Facts: The factual and procedural background can be found at my previous post on the Court of Appeals’ opinion. In a divided opinion, a majority of the Court of Appeals reversed the trial court on the issue of grounds for terminating Father’s parental rights, holding that Mother established Father willfully failed to visit the children. The majority opinion further held that the evidence clearly and convincingly established that Father abandoned the children by willfully failing to make reasonable payments toward their support.
Judge Kirby (the current holder of the prestigious and highly coveted “World’s Most Awesome Judge” designation!) agreed with the majority’s conclusion that Father abandoned his children by willfully failing to visit them. Judge Kirby disagreed, however, that abandonment by failure to support was shown by clear and convincing evidence in light of Father’s payment history during the relevant four-month period prior to the filing of the termination petition. The Court of Appeals remanded the case to the trial court to determine whether the termination was in the best interests of the children.
The Tennessee Supreme Court granted permission to appeal.
On Appeal: The Tennessee Supreme Court affirmed in part and reversed in part the judgment of the Court of Appeals.
Abandonment is one of the grounds for termination of parental rights. Abandonment is defined as the willful failure to visit, to support, or to make reasonable payments toward the support of the child during the four-month period preceding the filing of the petition to terminate parental rights. To prove the ground of abandonment, a petitioner must establish by clear and convincing evidence that a parent who failed to visit or support had the capacity to do so, made no attempt to do so, and had no justifiable excuse for not doing so. Whether a parent failed to visit or support a child is a question of fact. Whether a parent’s failure to visit or support constitutes willful abandonment, however, is a question of law.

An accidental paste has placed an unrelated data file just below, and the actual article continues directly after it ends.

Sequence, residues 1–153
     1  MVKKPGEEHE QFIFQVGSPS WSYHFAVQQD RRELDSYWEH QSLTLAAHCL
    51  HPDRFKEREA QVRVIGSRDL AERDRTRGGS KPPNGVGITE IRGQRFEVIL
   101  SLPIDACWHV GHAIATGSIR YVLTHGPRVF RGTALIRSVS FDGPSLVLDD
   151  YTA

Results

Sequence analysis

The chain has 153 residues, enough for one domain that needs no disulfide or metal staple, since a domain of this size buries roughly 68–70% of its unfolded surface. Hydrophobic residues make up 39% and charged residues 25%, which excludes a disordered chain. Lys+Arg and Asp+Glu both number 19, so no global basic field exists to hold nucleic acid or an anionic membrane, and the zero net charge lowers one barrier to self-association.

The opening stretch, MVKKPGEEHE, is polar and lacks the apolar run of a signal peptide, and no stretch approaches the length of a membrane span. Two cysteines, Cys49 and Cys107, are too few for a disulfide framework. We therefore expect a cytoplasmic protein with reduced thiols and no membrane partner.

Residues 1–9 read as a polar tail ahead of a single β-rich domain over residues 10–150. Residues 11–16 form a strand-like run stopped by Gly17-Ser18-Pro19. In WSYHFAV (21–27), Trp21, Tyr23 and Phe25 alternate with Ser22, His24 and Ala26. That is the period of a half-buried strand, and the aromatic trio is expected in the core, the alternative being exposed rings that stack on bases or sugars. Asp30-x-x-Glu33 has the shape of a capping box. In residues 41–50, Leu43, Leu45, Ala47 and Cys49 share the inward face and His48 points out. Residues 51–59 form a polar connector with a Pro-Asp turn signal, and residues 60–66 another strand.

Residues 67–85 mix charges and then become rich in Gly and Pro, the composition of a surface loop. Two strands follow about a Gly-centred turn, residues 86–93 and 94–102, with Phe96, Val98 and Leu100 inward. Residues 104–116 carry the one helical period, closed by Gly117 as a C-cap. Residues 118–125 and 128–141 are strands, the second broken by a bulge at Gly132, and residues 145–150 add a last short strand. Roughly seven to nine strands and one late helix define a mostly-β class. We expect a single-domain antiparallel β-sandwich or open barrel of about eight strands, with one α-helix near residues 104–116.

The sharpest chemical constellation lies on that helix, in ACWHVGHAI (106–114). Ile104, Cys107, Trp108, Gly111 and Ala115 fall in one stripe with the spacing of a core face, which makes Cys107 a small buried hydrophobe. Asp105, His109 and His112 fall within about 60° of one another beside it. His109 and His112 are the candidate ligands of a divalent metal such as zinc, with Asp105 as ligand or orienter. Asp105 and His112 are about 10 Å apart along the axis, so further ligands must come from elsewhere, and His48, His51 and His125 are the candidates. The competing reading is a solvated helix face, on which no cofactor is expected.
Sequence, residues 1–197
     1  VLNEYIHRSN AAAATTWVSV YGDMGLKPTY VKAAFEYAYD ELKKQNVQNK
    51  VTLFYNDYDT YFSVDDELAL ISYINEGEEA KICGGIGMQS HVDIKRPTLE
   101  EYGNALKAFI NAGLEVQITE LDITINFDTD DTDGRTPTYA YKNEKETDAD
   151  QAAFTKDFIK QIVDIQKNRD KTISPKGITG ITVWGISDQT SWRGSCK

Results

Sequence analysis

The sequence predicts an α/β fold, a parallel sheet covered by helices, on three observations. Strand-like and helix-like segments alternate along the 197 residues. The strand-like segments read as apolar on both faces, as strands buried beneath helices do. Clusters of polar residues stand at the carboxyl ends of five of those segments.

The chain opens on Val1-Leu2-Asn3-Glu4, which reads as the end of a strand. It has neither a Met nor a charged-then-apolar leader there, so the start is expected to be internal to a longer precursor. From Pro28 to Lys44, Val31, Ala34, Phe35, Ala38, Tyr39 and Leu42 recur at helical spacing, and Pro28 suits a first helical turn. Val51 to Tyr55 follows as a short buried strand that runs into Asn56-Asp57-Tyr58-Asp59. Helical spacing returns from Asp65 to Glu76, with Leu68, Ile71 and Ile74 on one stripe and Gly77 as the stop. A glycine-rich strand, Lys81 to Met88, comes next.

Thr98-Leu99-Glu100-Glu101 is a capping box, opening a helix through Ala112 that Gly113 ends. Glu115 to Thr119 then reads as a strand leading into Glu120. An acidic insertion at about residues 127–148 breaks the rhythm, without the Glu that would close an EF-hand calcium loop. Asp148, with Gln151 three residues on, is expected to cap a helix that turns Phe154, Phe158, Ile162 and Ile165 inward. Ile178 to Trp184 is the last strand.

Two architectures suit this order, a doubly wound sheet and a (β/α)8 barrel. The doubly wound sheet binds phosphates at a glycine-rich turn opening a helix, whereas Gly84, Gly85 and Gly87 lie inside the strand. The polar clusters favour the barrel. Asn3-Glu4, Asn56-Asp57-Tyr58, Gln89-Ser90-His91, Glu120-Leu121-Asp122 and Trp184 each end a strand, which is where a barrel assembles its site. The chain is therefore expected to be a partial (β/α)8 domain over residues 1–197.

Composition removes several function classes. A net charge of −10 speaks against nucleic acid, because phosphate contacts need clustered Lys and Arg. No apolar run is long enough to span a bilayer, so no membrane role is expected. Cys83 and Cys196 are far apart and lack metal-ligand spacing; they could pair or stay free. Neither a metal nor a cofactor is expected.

Willful failure to support or to make reasonable payments toward support means “the willful failure, for a period of four (4) consecutive months, to provide monetary support or the willful failure to provide more than token payments toward the support of the child.” A parent cannot be said to have abandoned a child when his failure to visit or support is due to circumstances outside his control. A parent may not attempt to rectify abandonment by resuming payments of support subsequent to the filing of “any petition” seeking to terminate parental rights or seeking to adopt a child.
A party seeking termination of parental rights must prove by clear and convincing evidence that the opposing party had the capacity to pay support but made no attempt to do so and did not possess a justifiable excuse. Token support payments are not sufficient to preclude a finding of a willful failure to support. Token support is support that “under the circumstances of the individual case, is insignificant given the parent’s means.” In the context of token support, the word “means” connotes both income and available resources for the payment of debt.
For the four-month period immediately preceding the filing of the petition to terminate parental rights, Father paid $3500 in child support to Mother. Mother and Stepfather argued that Father had the ability to pay his child support obligation in full and that his payments were insufficient given his means. No evidence was introduced concerning Father’s monthly expenses, however.